When Saying 'I'm OK' Gets to Be Too Much


I find myself heading to the bathroom for much needed silence and privacy. I lock the door behind me and lean against it, as my body hits the floor along with my tears. I massage my chest in the hopes of making the awful pain go away. I tell myself the same thing over and over again.

It’s OK. You’re OK.

All this is happening, and just behind the door in another room, is my special someone — my friend, my mom, dad or any member of my family. Just behind the bathroom door is someone oblivious to the fact that I am frantically pulling myself together to make it seem like I’m OK. Having physical and emotional pain in the process.

Why? Why do I do it?

Maybe it’s because I’ve argued about something repeatedly, and the other party just does not understand me just wanting to stop talking about it. So, I have to make it seem like I’m OK.

Maybe it’s because I don’t want to offend the other person because they know I’m going through a rough time and they’re trying their best. Maybe I’m scared they might take my depression personally, or feel bad about not being able to help me.

Maybe I’ve opened up to someone before, and they didn’t take it seriously so I’ve been scarred ever since.

Maybe it’s because I don’t want to be viewed as a “weak” person for feeling things that to them, I shouldn’t be feeling.

Whatever the reason is, I know I’m not alone.

I can’t even count the number of times I had to give myself a pep talk to remind myself it’s going to be OK, because I felt like nobody was going to do it for me. I remember being in a place where I was so alone and lonely, but at the same time, felt that I needed to be independent. I needed to be OK. And I had to do it by myself.

It’s horrible. The nasty ache in my chest when people ask if I’m OK, and I smile and nod. It’s me who is assuring them, and not them assuring me that I’m going to be OK.

Twisted, isn’t it?

We’ve all been there, some more frequent than others. We’ve all faked smiles and said we were OK, when we knew we weren’t. For some of us, we have this programmed into our minds that we must be OK at all times, for various reasons.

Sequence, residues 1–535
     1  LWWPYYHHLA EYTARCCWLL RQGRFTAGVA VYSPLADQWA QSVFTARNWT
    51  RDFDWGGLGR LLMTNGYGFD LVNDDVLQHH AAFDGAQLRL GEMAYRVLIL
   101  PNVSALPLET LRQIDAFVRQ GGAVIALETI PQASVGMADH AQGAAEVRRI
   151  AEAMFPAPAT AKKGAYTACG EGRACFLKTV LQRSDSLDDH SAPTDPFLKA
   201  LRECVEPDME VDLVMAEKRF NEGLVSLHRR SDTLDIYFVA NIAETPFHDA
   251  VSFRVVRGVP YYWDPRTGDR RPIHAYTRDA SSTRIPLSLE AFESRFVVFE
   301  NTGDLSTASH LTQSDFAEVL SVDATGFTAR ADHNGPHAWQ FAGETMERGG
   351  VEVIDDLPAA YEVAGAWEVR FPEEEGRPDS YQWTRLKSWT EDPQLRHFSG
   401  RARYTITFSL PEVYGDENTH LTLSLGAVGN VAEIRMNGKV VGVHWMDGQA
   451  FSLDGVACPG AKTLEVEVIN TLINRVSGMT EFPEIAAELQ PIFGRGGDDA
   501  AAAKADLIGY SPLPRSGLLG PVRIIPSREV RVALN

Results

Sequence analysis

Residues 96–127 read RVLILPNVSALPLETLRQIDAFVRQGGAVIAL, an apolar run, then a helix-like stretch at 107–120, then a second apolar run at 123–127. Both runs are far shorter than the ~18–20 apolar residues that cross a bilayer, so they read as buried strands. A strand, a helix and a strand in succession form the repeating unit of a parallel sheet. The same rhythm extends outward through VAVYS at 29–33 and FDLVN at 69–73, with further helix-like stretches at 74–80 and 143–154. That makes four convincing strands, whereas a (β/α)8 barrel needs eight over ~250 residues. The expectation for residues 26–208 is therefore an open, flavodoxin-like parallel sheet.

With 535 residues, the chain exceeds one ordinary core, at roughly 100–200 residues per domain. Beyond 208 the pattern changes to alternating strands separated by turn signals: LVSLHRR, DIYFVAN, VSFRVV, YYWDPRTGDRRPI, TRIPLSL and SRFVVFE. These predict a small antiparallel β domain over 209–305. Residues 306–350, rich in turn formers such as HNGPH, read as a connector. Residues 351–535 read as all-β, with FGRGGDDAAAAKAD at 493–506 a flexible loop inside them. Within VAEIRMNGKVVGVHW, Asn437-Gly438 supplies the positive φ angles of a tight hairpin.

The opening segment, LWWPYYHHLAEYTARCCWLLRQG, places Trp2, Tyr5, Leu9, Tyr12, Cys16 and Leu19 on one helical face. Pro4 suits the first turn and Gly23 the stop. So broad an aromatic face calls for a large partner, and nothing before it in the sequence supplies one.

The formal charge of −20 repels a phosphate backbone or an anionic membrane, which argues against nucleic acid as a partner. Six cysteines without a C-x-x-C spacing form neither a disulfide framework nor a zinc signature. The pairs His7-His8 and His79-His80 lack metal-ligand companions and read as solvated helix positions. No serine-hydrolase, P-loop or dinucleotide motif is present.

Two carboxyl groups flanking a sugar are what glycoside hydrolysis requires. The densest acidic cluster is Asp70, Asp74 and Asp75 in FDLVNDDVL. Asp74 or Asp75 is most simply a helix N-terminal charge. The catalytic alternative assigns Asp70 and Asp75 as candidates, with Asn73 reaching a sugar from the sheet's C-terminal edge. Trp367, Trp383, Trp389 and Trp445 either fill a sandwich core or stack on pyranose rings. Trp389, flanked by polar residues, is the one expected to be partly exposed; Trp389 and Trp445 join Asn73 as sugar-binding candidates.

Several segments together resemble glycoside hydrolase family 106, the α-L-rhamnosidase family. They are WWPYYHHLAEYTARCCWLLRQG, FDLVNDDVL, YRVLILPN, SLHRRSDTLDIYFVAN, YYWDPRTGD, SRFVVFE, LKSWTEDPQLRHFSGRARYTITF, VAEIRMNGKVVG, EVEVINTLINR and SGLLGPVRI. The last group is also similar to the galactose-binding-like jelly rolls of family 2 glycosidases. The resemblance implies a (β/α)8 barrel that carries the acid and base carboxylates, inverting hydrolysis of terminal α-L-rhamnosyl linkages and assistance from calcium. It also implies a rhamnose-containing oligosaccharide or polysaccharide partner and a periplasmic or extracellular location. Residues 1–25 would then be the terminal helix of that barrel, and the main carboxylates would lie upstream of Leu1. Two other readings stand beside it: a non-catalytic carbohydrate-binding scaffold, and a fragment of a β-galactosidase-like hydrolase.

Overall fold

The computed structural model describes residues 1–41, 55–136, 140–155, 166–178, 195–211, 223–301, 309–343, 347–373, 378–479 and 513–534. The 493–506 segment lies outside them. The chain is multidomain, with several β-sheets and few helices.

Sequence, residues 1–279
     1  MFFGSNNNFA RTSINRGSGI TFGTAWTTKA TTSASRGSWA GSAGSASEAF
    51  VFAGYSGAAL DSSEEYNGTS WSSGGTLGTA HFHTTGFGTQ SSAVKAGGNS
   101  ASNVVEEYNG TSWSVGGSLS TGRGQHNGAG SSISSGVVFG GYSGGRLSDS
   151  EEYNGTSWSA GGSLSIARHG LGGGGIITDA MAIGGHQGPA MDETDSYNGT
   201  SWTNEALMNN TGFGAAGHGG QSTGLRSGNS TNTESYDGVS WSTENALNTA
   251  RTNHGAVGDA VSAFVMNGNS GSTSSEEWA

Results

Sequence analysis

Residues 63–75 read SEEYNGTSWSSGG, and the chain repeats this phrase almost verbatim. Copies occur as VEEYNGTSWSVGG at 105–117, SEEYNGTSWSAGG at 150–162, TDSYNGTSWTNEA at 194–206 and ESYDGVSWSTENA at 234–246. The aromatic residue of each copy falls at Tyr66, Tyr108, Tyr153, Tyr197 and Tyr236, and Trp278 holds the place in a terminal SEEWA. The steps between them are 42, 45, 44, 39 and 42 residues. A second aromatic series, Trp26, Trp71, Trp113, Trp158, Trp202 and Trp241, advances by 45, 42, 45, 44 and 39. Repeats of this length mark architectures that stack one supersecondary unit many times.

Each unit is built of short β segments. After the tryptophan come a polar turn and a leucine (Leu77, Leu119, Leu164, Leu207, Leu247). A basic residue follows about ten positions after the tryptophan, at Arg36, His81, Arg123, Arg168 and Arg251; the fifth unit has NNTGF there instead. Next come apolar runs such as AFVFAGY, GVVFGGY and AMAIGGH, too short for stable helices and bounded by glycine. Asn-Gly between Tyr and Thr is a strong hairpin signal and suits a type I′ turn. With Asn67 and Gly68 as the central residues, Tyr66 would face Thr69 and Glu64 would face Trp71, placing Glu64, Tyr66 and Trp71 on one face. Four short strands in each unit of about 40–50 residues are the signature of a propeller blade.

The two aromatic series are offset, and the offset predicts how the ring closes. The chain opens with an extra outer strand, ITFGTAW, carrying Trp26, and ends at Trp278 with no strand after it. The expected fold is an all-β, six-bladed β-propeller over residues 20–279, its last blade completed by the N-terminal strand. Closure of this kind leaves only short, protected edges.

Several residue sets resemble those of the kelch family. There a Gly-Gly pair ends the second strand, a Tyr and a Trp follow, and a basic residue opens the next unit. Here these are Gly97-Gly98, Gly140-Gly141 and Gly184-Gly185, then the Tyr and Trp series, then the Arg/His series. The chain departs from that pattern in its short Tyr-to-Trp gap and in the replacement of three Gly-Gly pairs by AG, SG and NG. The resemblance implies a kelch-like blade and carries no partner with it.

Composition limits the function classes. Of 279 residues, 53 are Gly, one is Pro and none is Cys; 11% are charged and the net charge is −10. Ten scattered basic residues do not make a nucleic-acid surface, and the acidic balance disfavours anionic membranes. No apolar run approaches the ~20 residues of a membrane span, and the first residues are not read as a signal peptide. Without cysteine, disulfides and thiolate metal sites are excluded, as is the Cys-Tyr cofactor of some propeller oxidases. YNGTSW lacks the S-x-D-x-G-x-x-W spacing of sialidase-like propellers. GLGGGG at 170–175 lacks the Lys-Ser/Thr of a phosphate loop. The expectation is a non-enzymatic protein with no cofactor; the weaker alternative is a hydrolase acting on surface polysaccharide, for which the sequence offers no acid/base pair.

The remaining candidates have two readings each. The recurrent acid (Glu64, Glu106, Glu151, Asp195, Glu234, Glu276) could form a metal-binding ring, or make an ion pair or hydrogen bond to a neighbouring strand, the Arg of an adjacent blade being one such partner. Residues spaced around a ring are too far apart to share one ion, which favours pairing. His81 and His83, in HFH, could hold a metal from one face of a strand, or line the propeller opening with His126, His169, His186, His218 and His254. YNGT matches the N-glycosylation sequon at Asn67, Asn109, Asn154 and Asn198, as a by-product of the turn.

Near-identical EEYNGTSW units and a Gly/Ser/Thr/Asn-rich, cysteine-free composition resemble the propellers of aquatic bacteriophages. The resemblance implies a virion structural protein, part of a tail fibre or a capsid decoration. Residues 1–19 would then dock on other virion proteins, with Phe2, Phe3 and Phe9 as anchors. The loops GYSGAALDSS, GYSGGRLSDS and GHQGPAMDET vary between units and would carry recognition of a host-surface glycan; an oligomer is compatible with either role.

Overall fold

Sometimes we get so used to this kind of attitude that when it gets to be too much, it just blows over. We keep in so much pain, anger, sadness and sorrow, that sometimes even the slightest thing could tip us off.

I’m here to tell you it’s OK not to be OK. It’s OK to cry. It’s OK to be sad, angry, confused.

It’s OK to feel.

You are only human and you are allowed to feel.

It’s OK to want to think of yourself first sometimes. It’s OK to want to show people you’re mad, sad or depressed. Just be sure it’s the right person.

Be sad.
Be angry.
Be depressed.

Take all the time in the world to feel whatever it is that you’re feeling. Cry. Scream. Do it for yourself. When you’ve let everything out, you’ll be ready to conquer the world again.

Because I believe things don’t get easier, you just get stronger.

If you or someone you know needs help, visit our suicide prevention resources page.

If you need support right now, call the National Suicide Prevention Lifeline at 1-800-273-8255 or text “START” to 741-741.

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Unsplash photo via Larm Rmah.


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